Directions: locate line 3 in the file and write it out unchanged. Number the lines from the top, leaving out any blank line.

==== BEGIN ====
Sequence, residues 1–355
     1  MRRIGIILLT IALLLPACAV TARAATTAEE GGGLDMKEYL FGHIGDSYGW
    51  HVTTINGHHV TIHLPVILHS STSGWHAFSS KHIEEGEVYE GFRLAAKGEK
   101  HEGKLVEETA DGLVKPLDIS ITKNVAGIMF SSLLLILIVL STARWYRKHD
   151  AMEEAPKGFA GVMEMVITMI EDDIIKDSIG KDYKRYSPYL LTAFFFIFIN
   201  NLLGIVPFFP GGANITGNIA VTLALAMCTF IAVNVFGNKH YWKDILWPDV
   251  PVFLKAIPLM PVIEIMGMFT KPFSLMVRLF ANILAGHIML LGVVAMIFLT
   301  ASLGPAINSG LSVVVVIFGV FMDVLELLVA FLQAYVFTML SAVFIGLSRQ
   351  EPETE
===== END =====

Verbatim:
    51  HVTTINGHHV TIHLPVILHS STSGWHAFSS KHIEEGEVYE GFRLAAKGEK